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Grocery Store Basics

Grocery Store Tactics

Food companies use marketing tactics to get shoppers to buy their products. These tactics are used to market healthier foods, such as dairy, whole grains, and legumes, but it can also be used to market foods that are not as nutritious. Some of these tactics are obvious, like using attractive photos and designs on their products. Others are sneakier, like placing their products in specific spots in the store or using certain buzzwords to make the product seem healthier.

Look beyond eye-level. When you are looking for an item at the grocery store, be sure to look up and down to see what is on the higher and lower shelves. In some cases, lower cost or generic brand items may be on the lower shelves. In other cases, food items that may appeal to children (often colorful boxes with cartoon characters) can be on the lower shelves where they are easily seen by kids.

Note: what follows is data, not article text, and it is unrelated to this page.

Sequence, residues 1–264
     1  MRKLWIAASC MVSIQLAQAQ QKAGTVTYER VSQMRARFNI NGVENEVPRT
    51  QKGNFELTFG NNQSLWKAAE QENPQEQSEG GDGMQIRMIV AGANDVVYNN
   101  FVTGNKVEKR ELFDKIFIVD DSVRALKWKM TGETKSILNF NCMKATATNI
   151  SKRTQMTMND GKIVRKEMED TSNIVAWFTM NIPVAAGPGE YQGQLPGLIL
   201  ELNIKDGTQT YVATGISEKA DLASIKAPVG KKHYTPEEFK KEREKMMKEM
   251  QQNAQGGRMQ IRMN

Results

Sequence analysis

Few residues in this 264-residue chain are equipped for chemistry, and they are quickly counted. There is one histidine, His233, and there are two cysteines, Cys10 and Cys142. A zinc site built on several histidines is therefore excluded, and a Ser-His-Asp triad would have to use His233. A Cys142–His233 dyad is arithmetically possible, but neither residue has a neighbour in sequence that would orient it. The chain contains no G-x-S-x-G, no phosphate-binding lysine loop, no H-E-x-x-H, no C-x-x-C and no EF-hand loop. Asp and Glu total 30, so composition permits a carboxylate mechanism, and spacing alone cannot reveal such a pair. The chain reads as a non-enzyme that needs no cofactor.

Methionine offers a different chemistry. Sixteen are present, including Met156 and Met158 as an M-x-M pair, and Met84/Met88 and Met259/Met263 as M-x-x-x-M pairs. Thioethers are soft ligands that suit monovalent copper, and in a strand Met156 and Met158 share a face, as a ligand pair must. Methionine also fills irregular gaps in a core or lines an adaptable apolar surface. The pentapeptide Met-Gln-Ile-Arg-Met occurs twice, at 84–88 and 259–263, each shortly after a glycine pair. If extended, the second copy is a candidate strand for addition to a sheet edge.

Watch out for the smell of fresh baked goods. Grocery stores use psychology to help sell more items. One of the popular tricks is to bake chocolate chip cookies and fresh bread to get shoppers hungry.

Avoid checkout aisle temptations. Grocery store checkout aisles are often full of candy, sugar-sweetened beverages and salty snacks. This is meant to attract shoppers for a last-minute impulse buy.

Graphic of aisle and endcaps

End caps and special displays are not always showing the best deals. Grocery stores use end cap displays, or the small shelving units at the end of an aisle, to highlight certain items. Sometimes stores will display the price of end-cap items with larger price tags. This can confuse the shopper and make the item seem like it is on sale, when the number displayed is really its normal cost.